(2) Grievance redressal mechanism of intermediary:
- The intermediary shall prominently publish on its website, mobile based application or both, as the case may be, the name of the Grievance Officer and his contact details as well as mechanism by which a user or a victim may make complaint against violation of the provisions of this rule or any other matters pertaining to the computer resources made available by it, and the Grievance Officer shall –
- acknowledge the complaint within twenty four hours and dispose off such complaint within a period of fifteen days from the date of its receipt;
- receive and acknowledge any order, notice or direction issued by the Appropriate Government, any competent authority or a court of competent jurisdiction.
- The intermediary shall, within twenty-four hours from the receipt of a complaint made by an individual or any person on his behalf under this sub-rule, in relation to any content which is prima facie in the nature of any material which exposes the private area of such individual, shows such individual in full or partial nudity or shows or depicts such individual in any sexual act or conduct, or is in the nature of impersonation in an electronic form, including artificially morphed images of such individual, take all reasonable and practicable measures to remove or disable access to such content which is hosted, stored, published or transmitted by it:
- The intermediary shall implement a mechanism for the receipt of complaints under clause (b) of this sub-rule which may enable the individual or person to provide details, as may be necessary, in relation to such content or communication link.
SECTION 4. Additional due diligence to be observed by significant social media intermediary.—
(1) In addition to the due diligence observed under rule 3, a significant social media intermediary shall, within three months from the date of notification of the threshold under clause (v) of sub-rule (1) of rule 2, observe the following additional due diligence while discharging its duties, namely:—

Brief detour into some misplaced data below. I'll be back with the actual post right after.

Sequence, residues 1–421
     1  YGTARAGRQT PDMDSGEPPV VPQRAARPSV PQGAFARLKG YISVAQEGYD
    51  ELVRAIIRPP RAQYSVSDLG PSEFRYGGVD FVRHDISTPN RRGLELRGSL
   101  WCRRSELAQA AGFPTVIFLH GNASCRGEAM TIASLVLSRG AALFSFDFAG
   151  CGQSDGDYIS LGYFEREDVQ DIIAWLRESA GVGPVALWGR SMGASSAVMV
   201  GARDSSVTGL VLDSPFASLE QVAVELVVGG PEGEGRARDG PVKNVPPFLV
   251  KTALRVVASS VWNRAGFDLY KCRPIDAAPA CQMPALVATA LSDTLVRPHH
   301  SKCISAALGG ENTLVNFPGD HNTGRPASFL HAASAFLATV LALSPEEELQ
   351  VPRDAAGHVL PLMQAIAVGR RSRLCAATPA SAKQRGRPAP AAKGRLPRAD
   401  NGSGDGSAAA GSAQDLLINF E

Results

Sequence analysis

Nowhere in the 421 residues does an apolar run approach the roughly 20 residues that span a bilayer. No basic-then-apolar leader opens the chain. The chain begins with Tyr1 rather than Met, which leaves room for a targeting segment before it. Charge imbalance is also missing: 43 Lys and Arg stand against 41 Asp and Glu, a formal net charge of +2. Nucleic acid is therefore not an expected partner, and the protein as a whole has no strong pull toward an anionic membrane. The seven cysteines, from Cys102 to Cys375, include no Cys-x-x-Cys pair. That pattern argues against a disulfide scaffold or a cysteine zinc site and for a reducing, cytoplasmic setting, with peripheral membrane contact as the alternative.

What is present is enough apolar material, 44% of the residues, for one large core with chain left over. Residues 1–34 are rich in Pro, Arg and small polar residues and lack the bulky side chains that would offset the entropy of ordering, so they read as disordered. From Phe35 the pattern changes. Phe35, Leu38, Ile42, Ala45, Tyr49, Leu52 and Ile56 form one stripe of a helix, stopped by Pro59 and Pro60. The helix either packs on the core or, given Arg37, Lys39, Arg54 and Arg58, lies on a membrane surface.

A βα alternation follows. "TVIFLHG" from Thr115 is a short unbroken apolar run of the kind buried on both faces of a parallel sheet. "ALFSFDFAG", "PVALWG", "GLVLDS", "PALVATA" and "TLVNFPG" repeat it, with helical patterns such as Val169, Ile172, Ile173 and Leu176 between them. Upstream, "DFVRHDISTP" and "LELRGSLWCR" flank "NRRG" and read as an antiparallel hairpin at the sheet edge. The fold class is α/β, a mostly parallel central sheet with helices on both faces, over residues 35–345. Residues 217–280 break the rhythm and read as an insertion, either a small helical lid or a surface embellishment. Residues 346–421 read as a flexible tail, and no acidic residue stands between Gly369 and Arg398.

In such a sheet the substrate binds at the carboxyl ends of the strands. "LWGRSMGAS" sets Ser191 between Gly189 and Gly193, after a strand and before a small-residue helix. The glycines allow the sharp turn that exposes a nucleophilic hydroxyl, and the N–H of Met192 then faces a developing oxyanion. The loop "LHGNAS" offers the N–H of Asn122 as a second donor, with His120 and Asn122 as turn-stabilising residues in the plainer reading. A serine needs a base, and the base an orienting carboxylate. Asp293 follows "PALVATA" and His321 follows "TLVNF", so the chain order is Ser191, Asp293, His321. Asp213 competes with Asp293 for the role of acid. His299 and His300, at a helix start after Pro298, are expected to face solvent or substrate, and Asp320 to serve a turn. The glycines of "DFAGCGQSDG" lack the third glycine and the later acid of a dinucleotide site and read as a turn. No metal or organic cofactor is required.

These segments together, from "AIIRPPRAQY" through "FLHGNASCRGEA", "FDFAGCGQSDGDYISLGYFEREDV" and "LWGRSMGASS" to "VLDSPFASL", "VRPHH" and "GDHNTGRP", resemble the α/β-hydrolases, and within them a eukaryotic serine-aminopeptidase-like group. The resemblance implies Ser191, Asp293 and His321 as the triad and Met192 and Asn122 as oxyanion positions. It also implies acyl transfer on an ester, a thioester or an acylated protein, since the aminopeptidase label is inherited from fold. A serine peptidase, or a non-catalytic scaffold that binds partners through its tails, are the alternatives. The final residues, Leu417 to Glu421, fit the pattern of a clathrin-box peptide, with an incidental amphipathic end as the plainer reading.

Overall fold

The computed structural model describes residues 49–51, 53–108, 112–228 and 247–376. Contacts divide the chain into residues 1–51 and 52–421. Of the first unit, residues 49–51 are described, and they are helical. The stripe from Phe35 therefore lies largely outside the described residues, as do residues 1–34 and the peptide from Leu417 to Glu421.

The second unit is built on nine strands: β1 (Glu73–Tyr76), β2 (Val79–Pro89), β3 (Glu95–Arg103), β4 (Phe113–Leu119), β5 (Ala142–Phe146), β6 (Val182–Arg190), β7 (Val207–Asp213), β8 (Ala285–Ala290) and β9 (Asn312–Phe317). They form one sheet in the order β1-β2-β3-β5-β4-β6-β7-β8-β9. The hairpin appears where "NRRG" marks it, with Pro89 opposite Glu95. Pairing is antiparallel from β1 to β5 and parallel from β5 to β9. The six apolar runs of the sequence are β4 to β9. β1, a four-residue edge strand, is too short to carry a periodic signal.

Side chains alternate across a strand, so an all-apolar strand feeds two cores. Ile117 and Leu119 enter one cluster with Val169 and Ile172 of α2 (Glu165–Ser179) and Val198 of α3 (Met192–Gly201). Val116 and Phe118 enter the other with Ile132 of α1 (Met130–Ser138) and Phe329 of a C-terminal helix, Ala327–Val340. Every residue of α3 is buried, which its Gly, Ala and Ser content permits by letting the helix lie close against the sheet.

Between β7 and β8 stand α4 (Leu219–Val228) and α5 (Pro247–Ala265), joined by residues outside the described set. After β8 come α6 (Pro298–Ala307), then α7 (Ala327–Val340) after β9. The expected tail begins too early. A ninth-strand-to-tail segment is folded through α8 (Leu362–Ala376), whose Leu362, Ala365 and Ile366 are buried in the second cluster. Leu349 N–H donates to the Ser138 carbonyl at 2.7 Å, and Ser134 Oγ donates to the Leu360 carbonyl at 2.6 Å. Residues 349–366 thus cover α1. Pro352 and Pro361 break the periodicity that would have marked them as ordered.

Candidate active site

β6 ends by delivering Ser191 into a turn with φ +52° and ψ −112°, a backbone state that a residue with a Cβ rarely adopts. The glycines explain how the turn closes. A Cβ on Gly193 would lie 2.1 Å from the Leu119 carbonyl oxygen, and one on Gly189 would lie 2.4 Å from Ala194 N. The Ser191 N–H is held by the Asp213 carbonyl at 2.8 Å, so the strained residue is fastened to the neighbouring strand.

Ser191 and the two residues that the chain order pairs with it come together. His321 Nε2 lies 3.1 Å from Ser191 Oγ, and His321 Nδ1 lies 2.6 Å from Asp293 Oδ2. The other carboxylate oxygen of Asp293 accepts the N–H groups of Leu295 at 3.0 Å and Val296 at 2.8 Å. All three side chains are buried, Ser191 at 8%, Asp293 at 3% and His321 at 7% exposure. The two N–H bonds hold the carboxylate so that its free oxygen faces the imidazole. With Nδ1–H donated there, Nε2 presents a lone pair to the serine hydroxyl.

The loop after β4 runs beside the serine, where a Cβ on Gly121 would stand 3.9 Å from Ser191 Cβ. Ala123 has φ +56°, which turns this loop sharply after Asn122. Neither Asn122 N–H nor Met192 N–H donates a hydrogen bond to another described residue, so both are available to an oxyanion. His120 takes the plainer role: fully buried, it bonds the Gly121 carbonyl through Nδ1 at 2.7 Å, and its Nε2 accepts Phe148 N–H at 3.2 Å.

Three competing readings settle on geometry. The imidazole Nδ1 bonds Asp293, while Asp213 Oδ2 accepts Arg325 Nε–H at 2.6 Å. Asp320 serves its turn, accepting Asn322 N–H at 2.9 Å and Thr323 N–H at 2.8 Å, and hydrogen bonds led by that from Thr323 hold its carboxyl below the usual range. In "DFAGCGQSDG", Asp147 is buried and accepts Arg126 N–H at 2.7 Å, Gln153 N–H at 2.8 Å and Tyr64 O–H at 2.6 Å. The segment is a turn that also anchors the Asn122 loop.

- appoint a Chief Compliance Officer who shall be responsible for ensuring compliance with the Act and rules made thereunder and shall be liable in any proceedings relating to any relevant third-party information, data or communication link made available or hosted by that intermediary where he fails to ensure that such intermediary observes due diligence while discharging its duties under the Act and rules made thereunder:
Provided that no liability under the Act or rules made thereunder may be imposed on such significant social media intermediary without being given an opportunity of being heard.
Explanation.— Chief Compliance Officer´ managerial personnel or such other senior employee of a significant social media intermediary who is resident in India;
- appoint a nodal contact person for 24×7 coordination with law enforcement agencies and officers to ensure compliance to their orders or requisitions made in accordance with the provisions of law or rules made thereunder.
Explanation.— nodal contact person´ of a significant social media intermediary, other than the Chief Compliance Officer, who isresidentin India;
- appoint a Resident Grievance Officer, who shall, subject to clause (b), be responsible for the functions referred to in sub-rule (2) of rule 3.
Explanation.—Resident Grievance Officer´ employee of a significant social media intermediary, who is resident in India;
- publish periodic compliance report every month mentioning the details of complaints received and action taken thereon, and the number of specific communication links or parts of information that the intermediary has removed or disabled access to in pursuance of any proactive monitoring conducted by using automated tools or any other relevant information as may be specified;
(2) A significant social media intermediary providing services primarily in the nature of messaging shall enable the identification of the first originator of the information on its computer resource as may be required by a judicial order passed by a court of competent jurisdiction or an order passed under section 69 by the Competent Authority as per the Information Technology (Procedure and Safeguards for interception, monitoring and decryption of information) Rules, 2009, which shall be supported with a copy of such information in electronic form:
Provided that an order shall only be passed for the purposes of prevention, detection, investigation, prosecution or punishment of an offence related to the sovereignty and integrity of India, the security of the State, friendly relations with foreign States, or public order, or of incitement to an offence relating to the above or in relation with rape, sexually explicit material or child sexual abuse material, punishable with imprisonment for a term of not less than five years:
Provided further that no order shall be passed in cases where other less intrusive means are effective in identifying the originator of the information:
Provided also that in complying with an order for identification of the first originator, no significant social media intermediary shall be required to disclose the contents of any electronic message, any other information related to the first originator, or any information related to its other users:
Provided also that where the first originator of any information on the computer resource of an intermediary is located outside the territory of India, the first originator of that information within the territory of India shall be deemed to be the first originator of the information for the purpose of this clause.